Are MFs a woman’s best friend?

Dhuraivel Gunasekaran | Updated on February 25, 2018 Published on February 25, 2018

AMBRIN AHMED, Manager, Financial firm in Kolkata

File photo   -  marchmeena29

SANTHIYA GAJENDRAPRABU, Home-maker, Namakkal, Tamil Nadu

S SHANMUGA PRIYA, Group II senior government officer, Thanjavur, Tamil Nadu

SIVASANKARI, Home-maker, Tuticorin, Tamil Nadu

SUSHMA GIRISH SARODE Mumbai-based office-goer

ELSS, balanced funds, equity funds, SIPs, et al — today’s women professionals tell us how they go about MF investing

One’s mother is probably the best finance minister in the world, deftly managing her household in an organised manner while keeping the family’s finances in control. But smart mother or no, many women, in the past, took a backseat when it came to investment decisions – handing over that responsibility to the men in their families.

That’s no longer so. Today’s women run their homes — and their finances too. They take decisions regarding money matters on their own, smartly and confidently.

Many women are taking the mutual fund route to achieve their financial goals. Various types of mutual funds investing in different asset classes such as equity, debt, gold, InvITs and international equities cater to a variety of investors with different financial needs, risk taking capacity and time horizons.

Women with high risk appetite and having long-term goals could consider equity oriented funds. Balanced funds and debt funds are suitable for investors with low to medium risk appetite. Liquid funds are alternatives to bank fixed deposits, to park short-term money or emergency funds.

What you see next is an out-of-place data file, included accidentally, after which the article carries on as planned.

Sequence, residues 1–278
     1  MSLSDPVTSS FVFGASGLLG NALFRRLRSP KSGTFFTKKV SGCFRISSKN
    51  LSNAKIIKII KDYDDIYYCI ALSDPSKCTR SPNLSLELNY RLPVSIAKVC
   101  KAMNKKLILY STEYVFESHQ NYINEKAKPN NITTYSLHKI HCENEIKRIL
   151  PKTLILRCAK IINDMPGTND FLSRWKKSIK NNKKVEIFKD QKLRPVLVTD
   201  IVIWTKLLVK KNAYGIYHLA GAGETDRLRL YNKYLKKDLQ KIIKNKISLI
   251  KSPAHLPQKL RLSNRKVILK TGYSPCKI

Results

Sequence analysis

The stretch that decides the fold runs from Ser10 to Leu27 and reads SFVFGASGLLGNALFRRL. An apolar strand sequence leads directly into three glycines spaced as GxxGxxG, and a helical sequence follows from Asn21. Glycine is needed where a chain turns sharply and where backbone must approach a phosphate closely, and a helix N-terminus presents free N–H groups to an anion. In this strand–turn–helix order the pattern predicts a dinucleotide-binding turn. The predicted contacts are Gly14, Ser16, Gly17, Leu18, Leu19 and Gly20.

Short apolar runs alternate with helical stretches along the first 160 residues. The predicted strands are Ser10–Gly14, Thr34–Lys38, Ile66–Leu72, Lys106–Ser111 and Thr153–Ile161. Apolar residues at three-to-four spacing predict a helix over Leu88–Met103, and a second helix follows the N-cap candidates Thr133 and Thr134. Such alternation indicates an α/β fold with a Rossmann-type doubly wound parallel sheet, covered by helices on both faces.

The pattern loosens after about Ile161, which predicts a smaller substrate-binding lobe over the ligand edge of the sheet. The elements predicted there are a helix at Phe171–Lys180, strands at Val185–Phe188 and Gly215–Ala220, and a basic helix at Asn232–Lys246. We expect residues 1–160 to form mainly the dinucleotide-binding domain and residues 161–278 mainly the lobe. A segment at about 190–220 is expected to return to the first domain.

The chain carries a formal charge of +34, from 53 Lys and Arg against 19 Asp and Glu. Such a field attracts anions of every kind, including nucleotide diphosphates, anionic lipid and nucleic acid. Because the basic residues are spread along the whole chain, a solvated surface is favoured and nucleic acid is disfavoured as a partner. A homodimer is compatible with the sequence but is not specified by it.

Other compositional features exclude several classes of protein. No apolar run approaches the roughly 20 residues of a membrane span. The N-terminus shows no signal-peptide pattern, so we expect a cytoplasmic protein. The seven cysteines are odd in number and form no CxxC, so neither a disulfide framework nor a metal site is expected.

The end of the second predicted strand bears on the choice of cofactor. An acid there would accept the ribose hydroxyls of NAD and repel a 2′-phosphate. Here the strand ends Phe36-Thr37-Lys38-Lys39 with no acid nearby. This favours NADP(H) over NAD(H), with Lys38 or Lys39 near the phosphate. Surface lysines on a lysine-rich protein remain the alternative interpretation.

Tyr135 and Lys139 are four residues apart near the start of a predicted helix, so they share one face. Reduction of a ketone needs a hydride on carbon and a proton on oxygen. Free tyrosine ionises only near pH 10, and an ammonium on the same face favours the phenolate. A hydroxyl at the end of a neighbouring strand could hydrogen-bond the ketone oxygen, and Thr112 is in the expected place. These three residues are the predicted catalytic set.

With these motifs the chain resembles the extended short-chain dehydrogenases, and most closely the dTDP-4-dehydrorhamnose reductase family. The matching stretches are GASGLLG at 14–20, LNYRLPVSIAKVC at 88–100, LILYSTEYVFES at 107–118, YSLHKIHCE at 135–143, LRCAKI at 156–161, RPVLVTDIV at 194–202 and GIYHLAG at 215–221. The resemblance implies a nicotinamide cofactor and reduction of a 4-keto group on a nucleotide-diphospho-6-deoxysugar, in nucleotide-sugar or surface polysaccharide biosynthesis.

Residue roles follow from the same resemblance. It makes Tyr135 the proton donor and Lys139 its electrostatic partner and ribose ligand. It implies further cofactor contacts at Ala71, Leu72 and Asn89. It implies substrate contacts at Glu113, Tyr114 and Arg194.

Starting young

Ambrin Ahmed, 27, a single woman working as manager in a financial firm in Kolkata, believes that financial independence gives her the freedom to decide, the power to voice her opinion and a sense of pride in supporting her family. She began investing in mutual funds as soon as she got her first job.

‘’Being a part of the financial market, I believe that among various asset classes, equity mutual funds are the best to create wealth. I have been investing in mutual funds over the last five years, in different schemes through the SIP route,’’ she says.Ambrin has done very well to start investing at an early age. The power of compounding should help her accumulate a large corpus over the long run and secure her financial future.

Fortifying family finances

Some married working women are investing in mutual funds to strengthen their family's finances and help meet goals such as buying a house, and planning for the higher education and wedding of their children.

Mumbai-based office-goer Sushma Girish Sarode, 32, is clear about her financial goals. “My investment in mutual funds should fetch good returns as I am a long-term investor. This will help reduce my husband’s financial burden during preclosure of our housing loan. My primary goal is to accumulate wealth for my daughter’s education,” she says .

Sushma says that her mutual fund investments include equity linked savings schemes (ELSS) that helpreduce her tax burden. The investment in ELSS mutual funds qualifies for tax deduction up to ₹1.5 lakh in a financial year under Section 80C of the Income Tax Act.

Looking before leaping

Santhiya Gajendraprabu, 24, a recently married home-maker residing in Namakkal, is a good example of how young investors are doing their homework while selecting financial products.